Seeing how the IRS flagrantly violates the civil rights of Americans, do we really need more government agents, more bureaucracies to ride herd over our political endeavors?
The law mandates that every paid petitioner read the Secretary of State’s booklet explaining the state’s initiative process. But the booklet didn’t even exist . . . until now.
It explains: “The Secretary of State’s Office has attempted to incorporate the changes made by Act 1413 into the procedures that follow. However, since the changes in the law were extensive, it may be helpful to review Act 1413 of 2013.”
How nice of the Secretary of State not to use the term “extreme” and to go, instead, with “extensive.” Call it Arkansan generosity.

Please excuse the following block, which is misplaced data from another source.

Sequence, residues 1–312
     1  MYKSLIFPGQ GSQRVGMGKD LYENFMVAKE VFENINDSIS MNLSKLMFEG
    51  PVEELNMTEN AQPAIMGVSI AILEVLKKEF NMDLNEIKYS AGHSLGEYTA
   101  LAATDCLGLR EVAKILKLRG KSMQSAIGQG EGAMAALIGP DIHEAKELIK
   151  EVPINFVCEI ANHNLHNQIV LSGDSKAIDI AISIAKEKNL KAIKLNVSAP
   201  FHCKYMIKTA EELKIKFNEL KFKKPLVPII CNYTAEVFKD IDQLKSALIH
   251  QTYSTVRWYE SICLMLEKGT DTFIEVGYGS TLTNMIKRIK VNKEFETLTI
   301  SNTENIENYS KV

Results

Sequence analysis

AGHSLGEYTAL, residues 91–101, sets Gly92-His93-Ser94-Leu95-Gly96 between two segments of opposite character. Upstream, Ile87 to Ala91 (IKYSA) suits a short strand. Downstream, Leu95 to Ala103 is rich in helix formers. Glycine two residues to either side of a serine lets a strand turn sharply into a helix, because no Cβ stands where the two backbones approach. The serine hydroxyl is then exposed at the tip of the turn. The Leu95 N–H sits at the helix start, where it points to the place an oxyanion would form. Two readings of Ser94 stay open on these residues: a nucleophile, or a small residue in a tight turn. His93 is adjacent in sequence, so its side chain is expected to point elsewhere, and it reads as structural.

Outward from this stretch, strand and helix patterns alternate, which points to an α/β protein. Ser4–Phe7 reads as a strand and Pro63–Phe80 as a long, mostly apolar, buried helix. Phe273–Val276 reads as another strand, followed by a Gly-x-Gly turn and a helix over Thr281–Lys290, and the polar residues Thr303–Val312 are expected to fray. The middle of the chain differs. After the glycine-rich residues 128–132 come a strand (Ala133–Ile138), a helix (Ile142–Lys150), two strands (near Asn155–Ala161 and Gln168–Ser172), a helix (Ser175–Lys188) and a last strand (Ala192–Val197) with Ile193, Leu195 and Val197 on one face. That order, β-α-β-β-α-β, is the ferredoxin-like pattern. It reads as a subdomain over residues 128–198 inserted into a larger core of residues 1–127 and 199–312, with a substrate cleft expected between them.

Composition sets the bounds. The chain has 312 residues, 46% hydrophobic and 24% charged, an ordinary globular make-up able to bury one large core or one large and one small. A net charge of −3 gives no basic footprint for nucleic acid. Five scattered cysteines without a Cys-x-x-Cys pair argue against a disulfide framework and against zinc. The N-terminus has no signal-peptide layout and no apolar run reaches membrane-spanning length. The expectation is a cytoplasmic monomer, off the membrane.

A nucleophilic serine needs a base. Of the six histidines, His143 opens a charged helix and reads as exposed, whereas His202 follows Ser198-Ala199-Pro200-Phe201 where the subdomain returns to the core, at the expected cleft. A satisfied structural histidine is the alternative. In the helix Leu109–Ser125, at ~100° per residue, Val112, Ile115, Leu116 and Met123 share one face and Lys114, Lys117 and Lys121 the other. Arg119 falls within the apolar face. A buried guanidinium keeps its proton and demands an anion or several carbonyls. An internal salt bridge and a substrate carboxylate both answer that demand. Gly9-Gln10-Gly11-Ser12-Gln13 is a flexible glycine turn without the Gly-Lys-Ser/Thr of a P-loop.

One of Act 1413’s more draconian provisions throws out an entire page of voters’ signatures on a petition if one signature is a voter from a different county.
“Determining whether a Petitioner has signed the correct petition is not always obvious. Many cities cross county boundaries,” the booklet sympathizes, noting that such honest mistakes happen “frequently with voters whose homes are near a county border.”
And will now be used against you.
The main thing the booklet advises? Hire a lawyer:
“If the reader has questions concerning Act 1413 of 2013 . . . the reader should contact his or her own attorney for a legal opinion as to specific facts.”
Should only citizens with their “own” attorney be able to participate?
This is Common Sense. I’m Paul Jacob.